When we do free body diagram, we usually consider the vector as scalar. I think this is a very important point, but why my teacher didn't clarify a lot?
No, we don't. What you might be thinking of, is that we often write the vector as a MAGNITUDE (a non-negative scalar quantity) multiplied with a DIRECTION (a unit vector) The direction is, of course, "readily" seen from the diagram.
When you do a free body diagram, you are isolating a particular object and showing all the forces acting on it. These forces are certainly vectors, usually depicted as arrows in the diagram. What makes you think you are treating them as scalars?
Note: Forces in x-axis are 5N and -5N. Find the acceleration. My teacher would suggest us to F=ma 5N-5N=ma Hence, a=0. The equation is the same,though, he never tells us 5N+(-5N)
Forces are vectors.Period.The laws of Newton must be written in vector form...ALWAYS. In your example,what if one of the forces would act as to make an angle (different from 0 or pi) with the direction of the other force...? Daniel.
It would make things more explicit to write out all the steps like this: [tex] \bold F_{net} = m \bold a [/tex] [tex] {\bold F}_1 + {\bold F}_2 = m \bold a [/tex] [tex] F_{1x} + F_{2x} = m a_x [/tex] [tex] (+5N) + (-5N) = m a_x [/tex] [tex] 5N - 5N = m a_x [/tex] [tex] 0 = m a_x [/tex] [tex] 0 = a_x [/tex] And of course if the y-components of the forces are zero, then [tex]a_y[/tex] is zero also, so [tex] \bold a [/tex] (the vector) equals zero. But nobody ever actually writes out all those steps, in practice. I might do it that way once, when teaching it, just to clarify things.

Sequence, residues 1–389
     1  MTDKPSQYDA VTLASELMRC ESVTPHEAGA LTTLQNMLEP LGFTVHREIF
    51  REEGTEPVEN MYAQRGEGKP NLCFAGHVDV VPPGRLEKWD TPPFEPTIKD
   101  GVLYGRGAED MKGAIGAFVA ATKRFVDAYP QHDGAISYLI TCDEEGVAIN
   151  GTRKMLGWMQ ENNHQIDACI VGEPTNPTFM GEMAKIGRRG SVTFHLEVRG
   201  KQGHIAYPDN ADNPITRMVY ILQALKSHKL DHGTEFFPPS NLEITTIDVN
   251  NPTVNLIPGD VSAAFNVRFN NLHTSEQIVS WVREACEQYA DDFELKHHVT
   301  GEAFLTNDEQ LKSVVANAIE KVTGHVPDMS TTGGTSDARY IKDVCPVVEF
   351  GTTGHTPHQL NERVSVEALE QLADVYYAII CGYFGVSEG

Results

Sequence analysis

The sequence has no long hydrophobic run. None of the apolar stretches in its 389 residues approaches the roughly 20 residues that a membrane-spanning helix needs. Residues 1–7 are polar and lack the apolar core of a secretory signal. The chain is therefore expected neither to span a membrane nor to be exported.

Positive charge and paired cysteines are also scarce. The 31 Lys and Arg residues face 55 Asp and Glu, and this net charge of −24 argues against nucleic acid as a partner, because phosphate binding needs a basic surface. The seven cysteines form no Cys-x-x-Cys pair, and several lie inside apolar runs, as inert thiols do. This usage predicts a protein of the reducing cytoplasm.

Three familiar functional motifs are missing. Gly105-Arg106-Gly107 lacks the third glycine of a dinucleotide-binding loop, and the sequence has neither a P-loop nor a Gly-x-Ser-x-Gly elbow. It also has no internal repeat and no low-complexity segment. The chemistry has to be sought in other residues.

The way the problem is actually posted,it says nothing about an accelereration (or simply a nonzero velocity) in the "y" direction,so even if you come up with the conclusion that a_{x}=0,you still wouldn't tell how that body's moving. Daniel.